Western & Southern Open 2020 Odds
Who wins the Western & Southern Open 2020?
Western & Southern Open 2020
Mason's Western & Southern Open — the oldest tennis tournament to be played in its original city — is moving to New York City this year.
Originally scheduled for Aug. 15-23 at the Lindner Family Tennis Center, the Open will now be held Aug. 20-28 at the Billie Jean King National Tennis Center in Queens. Spectators will not be permitted.
“The international nature of tennis is one of its greatest assets. However, this international aspect also creates challenges in restarting the tour seasons,” said Western & Southern Open COO Katie Haas in a statement. “Last year, we hosted players representing 47 nations at the Western & Southern Open. With continued restrictions on international travel and quarantine guidelines, hosting multiple tournaments in a controlled environment with shared testing and medical resources at the National Tennis Center provides us the best chance to safely resume play for a combined event that is the size, scope and stature of the Western & Southern Open.
The Western & Southern Open will be played on the Grandstand Court as its primary court. The US Open will follow, with play beginning Aug. 31.
According to Western & Southern, the Open creates about $69 million in economic impact for the city — a $69 million loss now that the tournament will be held in New York this year. The tournament will return to Cincinnati in 2021.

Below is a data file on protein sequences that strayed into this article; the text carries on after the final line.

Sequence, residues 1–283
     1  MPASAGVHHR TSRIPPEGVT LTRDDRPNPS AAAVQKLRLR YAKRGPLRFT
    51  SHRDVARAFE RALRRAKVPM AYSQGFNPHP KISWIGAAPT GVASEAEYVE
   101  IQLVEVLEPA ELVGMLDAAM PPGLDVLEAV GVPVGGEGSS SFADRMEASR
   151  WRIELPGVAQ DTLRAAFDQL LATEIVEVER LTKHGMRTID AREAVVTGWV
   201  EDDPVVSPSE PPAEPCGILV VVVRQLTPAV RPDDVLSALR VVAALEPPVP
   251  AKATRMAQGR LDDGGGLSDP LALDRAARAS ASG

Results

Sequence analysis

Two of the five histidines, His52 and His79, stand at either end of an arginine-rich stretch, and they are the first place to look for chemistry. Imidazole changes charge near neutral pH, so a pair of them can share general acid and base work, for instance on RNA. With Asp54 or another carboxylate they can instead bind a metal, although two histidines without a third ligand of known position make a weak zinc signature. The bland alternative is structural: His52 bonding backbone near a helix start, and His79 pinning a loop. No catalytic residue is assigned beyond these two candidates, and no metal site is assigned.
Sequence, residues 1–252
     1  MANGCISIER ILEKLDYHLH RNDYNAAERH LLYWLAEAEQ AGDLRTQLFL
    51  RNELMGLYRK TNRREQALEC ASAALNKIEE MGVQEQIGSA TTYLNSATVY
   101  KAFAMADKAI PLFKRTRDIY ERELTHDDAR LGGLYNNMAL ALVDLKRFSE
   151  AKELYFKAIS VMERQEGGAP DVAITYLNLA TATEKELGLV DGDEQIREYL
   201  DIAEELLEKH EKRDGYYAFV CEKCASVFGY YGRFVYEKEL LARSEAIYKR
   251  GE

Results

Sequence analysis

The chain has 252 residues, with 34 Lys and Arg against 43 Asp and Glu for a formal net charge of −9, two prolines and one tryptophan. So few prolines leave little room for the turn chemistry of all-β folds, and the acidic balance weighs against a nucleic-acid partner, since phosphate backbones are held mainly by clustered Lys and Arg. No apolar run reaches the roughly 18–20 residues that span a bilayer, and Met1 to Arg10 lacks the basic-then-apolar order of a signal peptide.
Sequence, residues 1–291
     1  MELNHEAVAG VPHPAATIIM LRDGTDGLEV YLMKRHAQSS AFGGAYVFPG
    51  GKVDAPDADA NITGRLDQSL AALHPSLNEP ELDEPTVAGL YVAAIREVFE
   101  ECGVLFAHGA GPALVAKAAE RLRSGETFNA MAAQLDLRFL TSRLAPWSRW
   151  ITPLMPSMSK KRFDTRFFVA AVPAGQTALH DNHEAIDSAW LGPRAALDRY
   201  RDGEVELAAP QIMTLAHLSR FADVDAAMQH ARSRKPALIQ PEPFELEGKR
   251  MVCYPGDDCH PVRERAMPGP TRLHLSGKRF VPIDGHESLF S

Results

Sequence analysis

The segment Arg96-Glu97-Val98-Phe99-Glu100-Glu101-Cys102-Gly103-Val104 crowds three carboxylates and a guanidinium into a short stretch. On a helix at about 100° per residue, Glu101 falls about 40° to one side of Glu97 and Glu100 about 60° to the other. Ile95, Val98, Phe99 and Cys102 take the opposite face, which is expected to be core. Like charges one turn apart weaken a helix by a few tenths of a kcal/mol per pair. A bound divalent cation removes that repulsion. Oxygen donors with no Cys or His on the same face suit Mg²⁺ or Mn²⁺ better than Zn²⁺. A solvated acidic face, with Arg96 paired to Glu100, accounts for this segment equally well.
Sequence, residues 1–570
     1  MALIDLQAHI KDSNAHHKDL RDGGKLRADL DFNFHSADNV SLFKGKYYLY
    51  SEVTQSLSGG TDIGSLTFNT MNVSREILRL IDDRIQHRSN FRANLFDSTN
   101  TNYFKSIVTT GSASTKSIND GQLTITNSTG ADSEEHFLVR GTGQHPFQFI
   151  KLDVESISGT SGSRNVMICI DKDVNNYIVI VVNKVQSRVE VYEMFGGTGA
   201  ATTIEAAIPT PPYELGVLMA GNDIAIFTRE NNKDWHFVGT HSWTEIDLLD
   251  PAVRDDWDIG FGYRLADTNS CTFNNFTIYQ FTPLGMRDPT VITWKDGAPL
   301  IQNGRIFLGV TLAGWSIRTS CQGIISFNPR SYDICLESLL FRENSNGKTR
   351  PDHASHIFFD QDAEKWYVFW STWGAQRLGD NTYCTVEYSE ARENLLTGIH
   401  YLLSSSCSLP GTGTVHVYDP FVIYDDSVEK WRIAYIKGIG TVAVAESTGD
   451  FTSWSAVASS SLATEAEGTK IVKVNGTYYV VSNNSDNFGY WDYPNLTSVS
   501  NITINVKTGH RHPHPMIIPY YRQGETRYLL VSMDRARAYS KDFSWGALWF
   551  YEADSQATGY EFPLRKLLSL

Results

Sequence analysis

Western & Southern Open says, "Patrons holding tickets for the 2020 tournament that were purchased directly from Western & Southern Open or Ticketmaster are eligible for a full refund. In addition, the holders of certain categories of tickets will be given an option to retain their seats for 2021. Full details on our 2020 ticket policy can be found at wsopen.com/2020."
The first ball to hit the court in the Western & Southern Open (originally the Cincinnati Masters) was in 1899, when the matches were held at the current-day site of Xavier University. It has been held out of the city four other times — in 1914 and 1917, it was held in Indianapolis and in 1919 and 1920, the tournament was held in Fort Wayne.
Such top names as both No. 1-ranked players, Novak Djokovic and Ash Barty, and defending men’s champion Rafael Nadal, have expressed reservations about heading to Flushing Meadows, where an indoor tennis facility was used as a temporary home for hundreds of hospital beds at the height of the city’s coronavirus crisis.
Already ruled out, regardless: Roger Federer, who has won five of his men’s-record 20 Grand Slam singles titles at the U.S. Open but announced recently that he is out for the rest of the year after needing a second arthroscopic surgery on his right knee.
Djokovic said the restrictions that would be in place for the U.S. Open because of the virus would be “extreme.” “Most of the players I have talked to were quite negative on whether they would go there,” Djokovic said. However, he hosted exhibition matches with packed stands in his home country of Serbia, where the government lifted most virus restrictions last month.